Menu

Yellow Soybeans

Yellow soybean areas within fields are being noticed in some areas of the state. There are six factors which could be causing the soybean plant yellowing: nitrogen (N), potassium (K), or sulfur (S) deficiency, iron deficiency chlorosis (IDC), soybean cyst nematode (SCN), or yellow flash from Roundup application. The following bulleted list contains a brief review of each possible cause.

  • The symptoms of nitrogen (N) deficiency are lower leaves that are usually lighter green or chlorotic (yellowing) with upper leaves darker green. Action steps: dig roots and check for nodulation. Larger nodules are more efficient if lower soil moisture and reduced temperatures have occurred.
  • The symptoms of potassium (K) deficiency are lower leaves exhibit leaf margin yellowing or chlorosis. Action steps: obtain 0-6 inch soil samples and plant tissue from good and poor areas for nutrient analysis, primarily for K.
  • The symptoms of sulfur (S) deficiency is usually yellowing of whole plant and somewhat less growth compared with unaffected area. Action steps: obtain 0-6 and 6-24 inch soil samples and plant tissue from good and poor areas for nutrient analysis, primarily S.
  • The symptoms of IDC is interveinal yellowing or chlorosis of younger leaves. Leaf veins dark green. Action steps: obtain 0-6 inch soil samples for pH and calcium carbonate determination. Each is usually high where IDC occurs. Select soybean varieties with tolerance, increase planting density, consider using Fe chelates such as FeEDDHA in furrow or foliar, reduce and monitor residual nitrate-N in corn, consider crop rotations and cover crops.
  • The visual symptoms of SCN include stunted plant growth, yellowing plants, and soybean rows which are uncovered and uneven (canopy fails to close). Visual symptoms don’t have to occur for SCN to cause yield reduction. Action steps: dig and check roots for cysts. Submit soil samples for SCN determination*. Select soybean varieties for resistance and practice crop rotation to non-host crops in order to reduce SCN populations. Minimize soil movement from field to field as SCN is transported with the soil.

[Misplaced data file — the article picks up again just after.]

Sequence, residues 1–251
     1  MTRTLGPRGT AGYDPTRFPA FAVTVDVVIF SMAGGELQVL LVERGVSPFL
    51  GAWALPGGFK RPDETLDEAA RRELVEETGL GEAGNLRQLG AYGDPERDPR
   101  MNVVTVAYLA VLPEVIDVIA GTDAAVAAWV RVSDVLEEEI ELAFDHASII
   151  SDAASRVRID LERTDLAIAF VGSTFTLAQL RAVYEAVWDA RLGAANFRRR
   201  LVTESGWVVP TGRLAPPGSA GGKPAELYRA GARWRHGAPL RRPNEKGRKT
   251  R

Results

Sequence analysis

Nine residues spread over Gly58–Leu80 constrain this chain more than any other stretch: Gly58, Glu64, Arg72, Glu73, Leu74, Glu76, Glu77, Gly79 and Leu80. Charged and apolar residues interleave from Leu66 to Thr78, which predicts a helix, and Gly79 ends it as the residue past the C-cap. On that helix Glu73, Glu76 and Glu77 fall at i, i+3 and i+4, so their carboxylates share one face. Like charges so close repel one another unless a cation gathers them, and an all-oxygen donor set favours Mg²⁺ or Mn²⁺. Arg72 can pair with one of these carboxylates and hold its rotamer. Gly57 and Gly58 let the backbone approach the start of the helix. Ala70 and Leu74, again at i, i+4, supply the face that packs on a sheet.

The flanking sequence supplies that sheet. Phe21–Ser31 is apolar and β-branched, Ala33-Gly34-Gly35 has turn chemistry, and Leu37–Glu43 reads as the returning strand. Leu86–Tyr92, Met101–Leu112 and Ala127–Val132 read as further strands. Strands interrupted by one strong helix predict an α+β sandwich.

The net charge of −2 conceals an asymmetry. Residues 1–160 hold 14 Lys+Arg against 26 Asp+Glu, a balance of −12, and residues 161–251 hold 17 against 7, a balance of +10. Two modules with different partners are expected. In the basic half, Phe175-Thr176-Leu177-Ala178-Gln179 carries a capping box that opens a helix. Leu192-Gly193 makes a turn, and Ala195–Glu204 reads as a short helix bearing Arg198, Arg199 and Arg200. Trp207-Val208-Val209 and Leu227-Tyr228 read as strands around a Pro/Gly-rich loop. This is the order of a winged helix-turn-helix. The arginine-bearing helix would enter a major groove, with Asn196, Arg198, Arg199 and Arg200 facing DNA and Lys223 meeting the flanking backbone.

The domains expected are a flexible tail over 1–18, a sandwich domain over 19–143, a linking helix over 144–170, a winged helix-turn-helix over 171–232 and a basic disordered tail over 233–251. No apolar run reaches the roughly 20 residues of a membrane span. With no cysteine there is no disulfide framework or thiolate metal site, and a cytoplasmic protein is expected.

• The symptoms of yellow flash is overall plant yellowing after Roundup application. Specific indicator would be where spray boom started or stopped resulting in small area of over application. Action steps: some studies have indicated Manganese (Mn) deficiency after Roundup application and usually associated with fields that have low Mn soil test results. Soybean Mn deficiency has not been confirmed in South Dakota.

* SCN soil testing is sponsored by the South Dakota Soybean Research and Promotion Council and is free of charge for South Dakota soybean growers. Soil sampling can occur any time of year as long as the ground is not frozen or completely saturated but soil sampling immediately following soybean harvest is suggested for an accurate picture of what your SCN numbers are in your field.

Source: iGrow

Recent News

Poor Forage Quality Spurs Malnutrition Concerns
11/11/2019

A Purdue University Extension specialist is warning livestock owners that forage they harvested earlier this year likely has lower-than-usual nutritional quality. Without proper supplements, there could be serious consequences for their animals. “This is a very unusual year, and the quality is extremely low for this late-harvested forage,” said Keith Johnson, a professor of  agronomy  and  […]

Where’s the Bean? Missing Seed in Soybean Pods
11/7/2019

As soybean harvest progresses, a few growers are noticing poor yields in otherwise nice-looking plants and pods. While a visual inspection might lead to high estimations of seed quality, the inside may contain shrunken, shriveled or, even worse, missing seed.  Stink bugs can often cause this type of injury to soybean seed. They have piercing […]

Corn, Soybean Harvest Slowest Since 2009-Propane Supply a Concern
11/7/2019

Late last month, Des Moines Register writer Donnelle Eller reported that, “Rain has slowed the harvest across the state in recent days. National Weather Service data for Des Moines showed that central Iowa on [October 23rd] matched the October rainfall record of 7.29 inches, set in 1941. Any more rain in the remaining eight days of the month […]

Your browser is out-of-date!

Update your browser to view this website correctly. Update my browser now